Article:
A more conventional amusement was the annual county fair, an event that was common in many regions and states. At the Shelby County Fair in which Beauchamp and Swanson competed, spectators could see horse and motorcycle contests in addition to auto races. Each county fairground served as a community entertainment center, not only during the fair, but for other events throughout the year. Auto racing on the county tracks, particularly on holidays, became an activity that connected the communities and made southwestern Iowa an incubator for motor sports.
One modest local racing venue not associated with any county fairground sprang up at Anita, Iowa, where Claus Behnken, local Ford dealer and farmer, carved a track out of his pastureland. Because the competition resulted in banged up, dented automobiles, scarcely anyone was foolhardy enough to risk a passenger car in a race. To encourage locals to participate in the fun, Behnken hauled old cars from Chicago for his contests. A rumor circulated that his cars were "special purchases" that departed Chicago in the middle of the night—in other words, they were stolen. His races entertained the local people and gave the serious drivers a chance to practice. Eventually, Behnken became one of the many race car owners involved with Johnny Beauchamp.
Dale Swanson and Johnny Beauchamp were not the only ones to gain experience and confidence on the local community tracks; Dewayne "Tiny" Lund also began his driving career there. He loved motorized competition of every kind and virtually banged and slammed and willed himself to be a success. "Lund lived to race," and like Beauchamp, he was to become a recognized champion and top competitor—but he also was to become a star, in part because of his dynamic personality.
In the end, no fewer than six Harlan daredevils discovered they had talent and seized the opportunity to improve their skills at these community contests. Swanson, Beauchamp, Lund, as well as Bobby Parker, Hooky Christensen, and Wayne Selser, all claiming Harlan as home, went on to test their skills in events for more money and more glory.
The Mafia Race Track
wherever Meyer Lansky was, dead bodies turned up—a grand total of forty-three, according to one of his associates.
Lansky was an East Coast gangster, a New York Mafia mogul and Bugsy Siegel's pal. So what was he doing in 1941 on the streets of the Omaha–Council Bluffs metropolitan area? Lansky, unwittingly, was about to build Beauchamp's "home track" and the biggest stock car venue between Chicago and Denver. Because the nationally known Ak-sar-ben (Nebraska spelled backwards) track had stopped horse racing during World War II, Lansky decided there was an opening for dog racing. Diminutive and easily mistaken for a businessman, Lansky settled in at the swankiest Omaha hotel, the Fontenelle, and signed a five-year lease for property on the Iowa side of the Missouri River. From the $50,000 track and grandstand that Lansky constructed in Council Bluffs, Iowa, spectators could see the river and the city of Omaha.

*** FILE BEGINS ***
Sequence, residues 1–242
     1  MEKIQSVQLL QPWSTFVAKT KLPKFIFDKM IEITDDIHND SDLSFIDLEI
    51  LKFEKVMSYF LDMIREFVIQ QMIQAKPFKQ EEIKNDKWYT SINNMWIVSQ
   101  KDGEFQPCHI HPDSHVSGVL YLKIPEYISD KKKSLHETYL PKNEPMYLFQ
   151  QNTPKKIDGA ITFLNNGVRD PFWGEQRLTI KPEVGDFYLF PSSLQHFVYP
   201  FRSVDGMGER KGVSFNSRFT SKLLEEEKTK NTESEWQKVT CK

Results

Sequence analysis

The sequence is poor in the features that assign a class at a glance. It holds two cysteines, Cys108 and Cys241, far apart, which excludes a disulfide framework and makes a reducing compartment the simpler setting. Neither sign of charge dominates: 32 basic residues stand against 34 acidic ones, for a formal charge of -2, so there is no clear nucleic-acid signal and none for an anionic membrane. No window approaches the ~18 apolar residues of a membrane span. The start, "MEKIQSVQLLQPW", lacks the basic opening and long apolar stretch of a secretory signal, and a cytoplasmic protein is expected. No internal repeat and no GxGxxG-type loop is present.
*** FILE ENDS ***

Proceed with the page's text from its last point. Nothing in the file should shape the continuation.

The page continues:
The Kennel Club, Lansky's name for his track, circumvented the Iowa law against gambling because fans bet on "options" to buy dogs. If the dog won, the option was sold back for a profit. Some 4,000 people packed the grandstand on July 11, 1941, for the first race. Dog racing boomed in Council Bluffs. In 1943 the eighty-six-night season netted the city $140,000 of tax revenue.
Although Lansky himself was a model citizen, the problem was that the races attracted criminals and gambling clubs. The Stork Club and the Riviera Club popped up on the less-traveled South Omaha Bridge River Road. The gambling was rough, wide open, and professional enough that participants knew how to avoid getting caught. When the police raided one night, all they found was 150 people quietly watching a floor show.
In 1944 Council Bluffs elected a reform mayor who shut down Lansky's operation. When a different mayor was elected two years later, the dog races again seemed possible, but the state government squelched them by closing legal loopholes. Yet even today, signs of Meyer Lansky linger. A restaurant—Lanskys—adopted the notorious gangster's name even though its owners were no relation to the famous gangster, and it still operates in the Council Bluffs–Omaha area.
After the demise of dog racing, the old Kennel Club track and grandstand was managed in 1947 by the Council Bluffs government, which held a variety of activities at the venue. Then, however, the city was offered a proposal it could not refuse. The brothers Abe and Louis Slusky, operators of a concession stand in Omaha's Krug Park and an amusement park and race track in Houston, Texas, bought fourteen acres on the Iowa side near the approach to the Ak-sar-ben Bridge and leased the track and grandstand area from the city of Council Bluffs. The reported cost for the entire enterprise was $250,000, and the result was a huge, contiguous parcel. Louis Slusky operated their Houston site.
Abe Slusky opened Playland, an amusement park, on May 30, 1948. He experimented with different events at the track and grandstand. Omahan Jerome Givens recalls entering a vehicle in an antique auto race at the Playland track, but the owners of these cars quickly realized they were risking a precious possession in a frivolous moment of fun. The antique car races were short-lived.
Excerpted from The Ghosts of NASCAR by JOHN HAVICK. Copyright © 2013 John Havick. Excerpted by permission of UNIVERSITY OF IOWA PRESS.